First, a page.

It’s one of the most common problems with wood finishing.
Little air bubbles can sometimes end up marring an otherwise smooth final top coat. And it’s an issue that can often crop up when applying Spar Urethane.
Worse still, if those air bubbles still haven’t popped — long after Spar Urethane’s dried — then those bubbles are pretty much there to stay.
Well, in this post, you’ll find out what might be creating all of those air bubbles in that smooth finish. You’ll also learn the top five easy things you can do to prevent bubbles from appearing in the first place.
And keep reading to discover why sanding between each coat of Spar Urethane is so important.
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So Why Is Spar Urethane Bubbling Like That? What’s Causing Those Bubbles?
There are a range of different reasons, but usually the simplest cause lies in the shaking of the can. If you shake the can beforehand, you’ll create little air pockets throughout the liquid.
Another possible cause could be that the base coat underneath, (whether it be a finish, paint, wood stain etc), hasn’t wholly cured yet. As that base coat continues to dry and cure, it’ll release VOC’s.
VOC’s (Volatile Organic Compounds) are the eye-watering fumes that waft off wood finishes, paints and sealers. And those VOC’s can become trapped as air bubbles (if you seal them in with a Spar Urethane coat).
Yet another common cause for bubbles lies in improper brush prep. You always need to prepare your brush by rinsing it in solvents (or water) before you dip that brush into that can of Spar Urethane.
OK. But Will Those Spar Urethane Bubbles Go Away?
More often than not, they will. As long as that spar urethane dries slowly enough, the bubbles will pop on their own.
In fact, this is the main reason why we add slow-drying thinner solvents to wood finishes. Thinning Spar Urethane out can slow down it’s drying rate enough for those bubbles to naturally pop by themselves.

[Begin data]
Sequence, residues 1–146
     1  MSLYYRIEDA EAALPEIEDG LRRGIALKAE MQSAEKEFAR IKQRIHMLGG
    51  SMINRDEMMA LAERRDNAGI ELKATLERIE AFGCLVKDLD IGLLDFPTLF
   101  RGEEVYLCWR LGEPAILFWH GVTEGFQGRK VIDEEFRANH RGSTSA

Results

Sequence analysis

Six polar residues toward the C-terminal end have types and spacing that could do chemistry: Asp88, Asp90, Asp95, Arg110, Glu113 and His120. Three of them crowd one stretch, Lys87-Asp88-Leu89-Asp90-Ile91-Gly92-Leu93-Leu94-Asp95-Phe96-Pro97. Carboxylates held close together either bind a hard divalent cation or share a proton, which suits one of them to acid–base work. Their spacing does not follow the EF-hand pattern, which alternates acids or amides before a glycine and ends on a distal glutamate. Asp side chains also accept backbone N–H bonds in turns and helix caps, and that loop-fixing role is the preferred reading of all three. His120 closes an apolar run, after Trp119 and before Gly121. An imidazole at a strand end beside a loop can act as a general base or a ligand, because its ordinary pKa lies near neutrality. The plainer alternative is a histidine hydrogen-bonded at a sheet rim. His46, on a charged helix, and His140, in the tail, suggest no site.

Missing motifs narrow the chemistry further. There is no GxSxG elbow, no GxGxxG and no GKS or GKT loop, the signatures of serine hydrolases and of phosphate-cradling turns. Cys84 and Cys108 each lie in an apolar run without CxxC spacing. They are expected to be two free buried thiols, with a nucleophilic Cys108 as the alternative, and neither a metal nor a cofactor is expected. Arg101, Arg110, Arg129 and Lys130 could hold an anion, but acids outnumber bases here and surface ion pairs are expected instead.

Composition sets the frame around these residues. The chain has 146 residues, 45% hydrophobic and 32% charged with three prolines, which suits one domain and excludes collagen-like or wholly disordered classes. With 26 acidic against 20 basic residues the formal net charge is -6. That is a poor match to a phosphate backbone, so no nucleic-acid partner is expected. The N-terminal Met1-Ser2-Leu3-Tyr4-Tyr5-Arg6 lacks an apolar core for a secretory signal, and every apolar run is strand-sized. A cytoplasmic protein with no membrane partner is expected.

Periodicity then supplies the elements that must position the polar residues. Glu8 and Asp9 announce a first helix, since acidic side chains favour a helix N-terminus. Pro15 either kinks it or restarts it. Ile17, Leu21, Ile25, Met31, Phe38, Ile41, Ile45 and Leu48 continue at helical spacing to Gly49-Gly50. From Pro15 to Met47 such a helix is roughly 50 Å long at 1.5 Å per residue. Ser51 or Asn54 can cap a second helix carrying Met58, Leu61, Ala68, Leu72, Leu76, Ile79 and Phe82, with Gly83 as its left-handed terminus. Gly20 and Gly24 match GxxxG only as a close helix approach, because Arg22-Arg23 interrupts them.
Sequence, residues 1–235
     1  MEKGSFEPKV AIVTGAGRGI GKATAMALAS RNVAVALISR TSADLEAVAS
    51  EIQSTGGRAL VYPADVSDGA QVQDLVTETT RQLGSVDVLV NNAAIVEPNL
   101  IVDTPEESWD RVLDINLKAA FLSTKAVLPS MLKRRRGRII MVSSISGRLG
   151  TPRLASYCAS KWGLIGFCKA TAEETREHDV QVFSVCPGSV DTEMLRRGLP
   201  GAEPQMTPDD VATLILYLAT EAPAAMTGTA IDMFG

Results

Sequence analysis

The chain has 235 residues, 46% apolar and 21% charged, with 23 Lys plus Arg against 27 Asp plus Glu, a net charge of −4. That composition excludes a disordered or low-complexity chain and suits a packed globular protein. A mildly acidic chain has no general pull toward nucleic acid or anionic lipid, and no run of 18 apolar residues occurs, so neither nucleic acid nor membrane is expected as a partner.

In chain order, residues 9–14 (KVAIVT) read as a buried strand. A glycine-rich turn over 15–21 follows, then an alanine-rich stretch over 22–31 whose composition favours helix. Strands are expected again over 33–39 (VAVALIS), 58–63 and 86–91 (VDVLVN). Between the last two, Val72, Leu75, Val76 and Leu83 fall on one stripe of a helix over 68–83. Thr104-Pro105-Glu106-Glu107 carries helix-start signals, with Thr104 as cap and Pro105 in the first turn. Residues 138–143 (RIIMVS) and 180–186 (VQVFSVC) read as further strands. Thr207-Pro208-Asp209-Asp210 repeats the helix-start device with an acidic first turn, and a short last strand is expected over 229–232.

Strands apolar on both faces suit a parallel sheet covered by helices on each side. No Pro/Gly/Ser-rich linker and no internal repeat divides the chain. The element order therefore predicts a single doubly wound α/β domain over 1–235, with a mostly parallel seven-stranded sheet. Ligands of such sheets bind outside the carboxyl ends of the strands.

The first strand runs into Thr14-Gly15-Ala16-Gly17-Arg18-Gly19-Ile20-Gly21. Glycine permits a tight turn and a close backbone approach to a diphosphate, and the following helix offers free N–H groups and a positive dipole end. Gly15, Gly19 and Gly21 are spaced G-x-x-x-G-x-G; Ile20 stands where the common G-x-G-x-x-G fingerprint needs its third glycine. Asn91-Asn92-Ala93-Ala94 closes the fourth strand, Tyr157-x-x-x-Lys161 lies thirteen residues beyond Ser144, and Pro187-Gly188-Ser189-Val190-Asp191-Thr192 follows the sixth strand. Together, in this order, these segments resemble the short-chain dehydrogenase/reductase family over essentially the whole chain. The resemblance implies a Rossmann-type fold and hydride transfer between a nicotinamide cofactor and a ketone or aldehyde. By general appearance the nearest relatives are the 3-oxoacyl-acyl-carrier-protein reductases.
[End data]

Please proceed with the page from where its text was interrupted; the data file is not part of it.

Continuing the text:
Got It. So How Do I Make Sure I Always Get A Smooth Finish When Applying Spar Urethane?
Simply follow the five best practices when it comes to applying this wood sealant:
1). Never Shake The Can
If Spar Urethane has settled in the can, then stir it with a brush. Never ever shake the can.
2). Let The Base Coat Cure First
This is particularly important if you’re applying Spar Urethane over a slow-drying finish, such as Pure Tung oil.
3). Prepare The Brush
If you’re applying oil-based Spar Urethane: Dip the brush in a solvent, such as mineral spirits, before you then dip it into oil-based Spar Urethane.
If you’re applying water-based Spar Urethane: Always dip the brush in fresh water, before you put it into that can of water-based Spar Urethane.
4). Don’t Use A Foam Brush
Foam brushes are the absolute worst culprits for creating air bubbles in thick wood finishes. So, only ever use a bristle brush (ideally) or a rag to apply those thin coats of Spar Urethane.
Or, you can skip brush preparation altogether by using a Spray-on Spar Urethane product instead.
5). Thin Out The Spar Urethane Before Application
You can thin Spar Urethane out using solvents to help slow down the drying rate of this finish.
Blending a slow-drying thinner solvent into Spar Urethane, can help to slow down the drying speed of this sealant.
And Should I Sand Between Coats Of Spar Urethane?
You should. Spar Urethane adheres best when it has a roughened surface to cling onto. Otherwise, it can end up peeling off of that very smooth surface.
Lightly sanding with fine 100-grit to 120-grit sandpaper, is enough to scuff up the surface for each subsequent coat.
What Kind Of Brush Should You Use To Apply Spar Urethane Onto Wood? Use a bristle brush or rag to apply this finish.
To Wrap Up, Here Are The 3 Key Takeaways From This Post…
- 1). Those little pockets of air throughout a Spar Urethane finish, can be caused by a range of different things. Everything — from improper brush preparation to Spar Urethane drying too fast — can create air bubbles in this wood sealer.
- 2). If Spar Urethane dries too quickly, it doesn’t allow time for any rising air bubbles to naturally pop on their own. This is why we sometimes need to thin Spar Urethane out with solvents to help slow down its drying rate.
- 3). If you’re applying Spar Urethane over another finish, make sure the finish underneath has dried and cured first.